China’s Economic Reporting: Fact or Fiction?
There’s something fishy going on with China’s economic data—at least with those figures that are reported by the Chinese government. The reality in those numbers has always been questionable.
Are the economic data compiled and reported by the Chinese government agencies correct and reliable? Are we seeing a major scam developing out of the country?
While there has been lingering doubts on the reliability of Chinese data, no one has yet proven the Chinese are fudging the numbers.
But you know that this is a real possibility.
I’m a Chinese bull, but I must admit I’m always concerned when evaluating the financials of Chinese companies; the proven corruption in the past several years has made me think long and hard about what and whom to trust.
I have been burned by Chinese stocks, but so have many of you.
The potential issues with the Chinese economic numbers may also be true. Case in point: in the first quarter, China’s gross domestic product (GDP) growth was 7.7%, according to the National Bureau of Statistics. That percentage was down from 7.9% in the fourth quarter.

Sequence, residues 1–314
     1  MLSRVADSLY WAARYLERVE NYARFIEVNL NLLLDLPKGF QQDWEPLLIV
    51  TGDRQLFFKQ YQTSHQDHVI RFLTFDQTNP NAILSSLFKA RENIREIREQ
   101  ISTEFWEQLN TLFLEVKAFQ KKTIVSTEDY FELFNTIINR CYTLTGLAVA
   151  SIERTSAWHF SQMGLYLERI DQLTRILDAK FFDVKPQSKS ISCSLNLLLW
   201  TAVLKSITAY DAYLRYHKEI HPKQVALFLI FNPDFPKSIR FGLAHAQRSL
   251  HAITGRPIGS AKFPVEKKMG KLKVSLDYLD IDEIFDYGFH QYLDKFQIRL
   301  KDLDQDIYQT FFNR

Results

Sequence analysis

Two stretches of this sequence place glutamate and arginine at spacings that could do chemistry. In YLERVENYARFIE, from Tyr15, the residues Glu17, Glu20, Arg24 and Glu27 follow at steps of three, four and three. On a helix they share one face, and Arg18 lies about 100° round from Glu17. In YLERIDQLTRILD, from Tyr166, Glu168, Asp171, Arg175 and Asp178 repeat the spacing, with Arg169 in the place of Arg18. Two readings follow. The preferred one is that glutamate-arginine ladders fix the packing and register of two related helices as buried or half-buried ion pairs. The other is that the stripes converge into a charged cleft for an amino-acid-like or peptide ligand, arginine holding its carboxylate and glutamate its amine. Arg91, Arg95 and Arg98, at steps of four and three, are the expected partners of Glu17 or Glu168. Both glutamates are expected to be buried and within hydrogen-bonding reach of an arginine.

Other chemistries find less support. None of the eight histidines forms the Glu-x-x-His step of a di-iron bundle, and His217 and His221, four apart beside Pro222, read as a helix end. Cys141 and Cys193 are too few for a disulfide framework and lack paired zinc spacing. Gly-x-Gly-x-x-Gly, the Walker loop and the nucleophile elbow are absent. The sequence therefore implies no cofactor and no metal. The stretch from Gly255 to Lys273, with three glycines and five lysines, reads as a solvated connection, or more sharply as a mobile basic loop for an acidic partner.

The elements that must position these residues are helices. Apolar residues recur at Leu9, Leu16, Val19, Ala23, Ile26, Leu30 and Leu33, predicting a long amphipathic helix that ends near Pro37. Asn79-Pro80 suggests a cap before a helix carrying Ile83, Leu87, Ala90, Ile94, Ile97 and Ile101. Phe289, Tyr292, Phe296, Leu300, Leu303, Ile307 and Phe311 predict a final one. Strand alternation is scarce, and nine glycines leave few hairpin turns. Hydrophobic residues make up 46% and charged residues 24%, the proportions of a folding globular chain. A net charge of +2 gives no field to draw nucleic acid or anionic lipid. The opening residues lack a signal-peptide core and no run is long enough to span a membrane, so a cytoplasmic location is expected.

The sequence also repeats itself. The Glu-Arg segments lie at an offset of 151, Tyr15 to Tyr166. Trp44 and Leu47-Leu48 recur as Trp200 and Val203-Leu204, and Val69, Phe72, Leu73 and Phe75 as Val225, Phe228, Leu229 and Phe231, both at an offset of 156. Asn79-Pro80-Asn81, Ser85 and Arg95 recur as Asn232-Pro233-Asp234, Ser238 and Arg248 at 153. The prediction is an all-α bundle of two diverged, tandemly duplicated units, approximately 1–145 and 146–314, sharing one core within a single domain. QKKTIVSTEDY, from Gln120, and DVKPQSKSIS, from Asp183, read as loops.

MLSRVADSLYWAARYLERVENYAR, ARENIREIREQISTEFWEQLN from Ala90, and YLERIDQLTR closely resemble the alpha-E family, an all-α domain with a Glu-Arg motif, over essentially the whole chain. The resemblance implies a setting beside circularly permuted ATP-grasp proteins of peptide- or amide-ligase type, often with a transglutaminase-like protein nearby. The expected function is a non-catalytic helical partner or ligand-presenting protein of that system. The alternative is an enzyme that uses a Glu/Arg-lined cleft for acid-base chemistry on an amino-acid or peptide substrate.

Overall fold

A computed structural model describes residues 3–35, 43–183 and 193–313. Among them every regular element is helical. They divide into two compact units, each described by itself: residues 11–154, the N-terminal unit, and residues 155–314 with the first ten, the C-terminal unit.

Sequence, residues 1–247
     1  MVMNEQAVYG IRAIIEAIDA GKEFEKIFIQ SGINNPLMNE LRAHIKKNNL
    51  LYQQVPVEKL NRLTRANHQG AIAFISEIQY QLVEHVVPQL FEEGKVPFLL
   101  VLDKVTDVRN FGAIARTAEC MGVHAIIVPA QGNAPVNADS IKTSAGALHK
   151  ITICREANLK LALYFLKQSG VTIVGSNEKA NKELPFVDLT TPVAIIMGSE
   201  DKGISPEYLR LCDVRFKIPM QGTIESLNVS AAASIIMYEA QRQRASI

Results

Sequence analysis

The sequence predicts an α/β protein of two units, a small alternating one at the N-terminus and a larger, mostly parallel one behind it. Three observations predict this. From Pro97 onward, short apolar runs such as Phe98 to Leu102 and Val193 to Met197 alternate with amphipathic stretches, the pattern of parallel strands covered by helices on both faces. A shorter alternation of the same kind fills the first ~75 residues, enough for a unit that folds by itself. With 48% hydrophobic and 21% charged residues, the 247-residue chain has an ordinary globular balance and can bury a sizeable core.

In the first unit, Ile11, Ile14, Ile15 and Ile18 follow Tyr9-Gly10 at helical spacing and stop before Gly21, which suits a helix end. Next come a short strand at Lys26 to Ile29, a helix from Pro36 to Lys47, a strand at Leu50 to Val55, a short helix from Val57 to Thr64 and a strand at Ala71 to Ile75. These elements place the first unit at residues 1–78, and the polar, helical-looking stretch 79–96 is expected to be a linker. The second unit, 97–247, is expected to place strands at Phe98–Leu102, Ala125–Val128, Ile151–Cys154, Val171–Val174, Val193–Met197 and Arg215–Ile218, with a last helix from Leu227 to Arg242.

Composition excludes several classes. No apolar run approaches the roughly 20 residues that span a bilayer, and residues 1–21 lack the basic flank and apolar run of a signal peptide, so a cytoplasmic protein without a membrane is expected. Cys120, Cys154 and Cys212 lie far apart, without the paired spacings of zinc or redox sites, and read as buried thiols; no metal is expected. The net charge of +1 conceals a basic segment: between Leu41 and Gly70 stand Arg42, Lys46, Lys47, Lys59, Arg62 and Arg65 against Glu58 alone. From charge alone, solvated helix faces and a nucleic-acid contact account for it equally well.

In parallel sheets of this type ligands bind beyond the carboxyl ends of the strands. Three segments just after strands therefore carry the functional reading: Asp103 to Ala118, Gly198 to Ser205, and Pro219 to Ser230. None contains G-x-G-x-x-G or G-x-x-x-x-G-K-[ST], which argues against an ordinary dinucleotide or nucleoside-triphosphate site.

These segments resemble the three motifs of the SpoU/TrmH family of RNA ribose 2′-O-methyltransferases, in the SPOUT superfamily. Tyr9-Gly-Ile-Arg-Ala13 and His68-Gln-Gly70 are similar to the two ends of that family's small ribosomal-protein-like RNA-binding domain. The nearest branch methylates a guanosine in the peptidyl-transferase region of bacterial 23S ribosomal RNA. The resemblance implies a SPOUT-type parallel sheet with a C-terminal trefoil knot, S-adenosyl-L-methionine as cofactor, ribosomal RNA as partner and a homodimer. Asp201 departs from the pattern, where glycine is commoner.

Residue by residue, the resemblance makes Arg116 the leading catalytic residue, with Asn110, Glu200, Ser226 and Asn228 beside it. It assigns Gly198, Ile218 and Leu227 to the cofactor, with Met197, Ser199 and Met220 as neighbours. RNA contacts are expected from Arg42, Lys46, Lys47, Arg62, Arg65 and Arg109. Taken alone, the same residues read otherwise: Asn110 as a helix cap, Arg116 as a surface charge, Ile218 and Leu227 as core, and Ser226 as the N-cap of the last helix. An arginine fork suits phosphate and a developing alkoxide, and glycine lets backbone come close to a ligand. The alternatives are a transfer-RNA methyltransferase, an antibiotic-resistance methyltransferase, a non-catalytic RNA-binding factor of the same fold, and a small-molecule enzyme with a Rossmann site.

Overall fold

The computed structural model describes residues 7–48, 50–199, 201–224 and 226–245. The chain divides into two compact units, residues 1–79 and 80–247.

We have also been seeing a decline in manufacturing data, including the country’s internally produced Purchasing Managers’ Index and other external manufacturing reports.
The country’s industrial value-added output growth expanded at 9.5% in the first quarter, down from 11.6% in the first quarter in 2012, according to the National Bureau of Statistics. (Source: “China’s Q1 industrial output growth slows to 9.5 pct,” Global Times, April 15, 2013, last accessed May 9, 2013.)
Given all of this, it was quite a surprise to see China’s exports surge 14.7% in April, based on data from the country’s General Administration of Customs. The reading was well ahead of the market estimate calling for growth of 10.3%. The import picture also looks somewhat skeptical, with imports up 16.8% in April, well above the estimate of 13.9%.
There is well-founded nervousness toward the numbers, as they came out of nowhere and the other key economic readings didn’t indicate a strong reading.
So are China’s reported numbers reliable?
To tell you honestly, I’m not sure. And that is because, based on my experience with the somewhat questionable financial reporting practices of some of the Chinese companies previously listed on U.S. exchanges, there is a history of fraudulent reporting being discovered later on.
Once you have been stunned, you tend to question the data, especially if they originate from China.
While there may be some creative accounting on the books, I do actually remain positive on China; however, you need to be extremely careful when buying, and if you are nervous, I would advise you stick with the big Chinese blue chip stocks found on the Xinhua China 25 Index.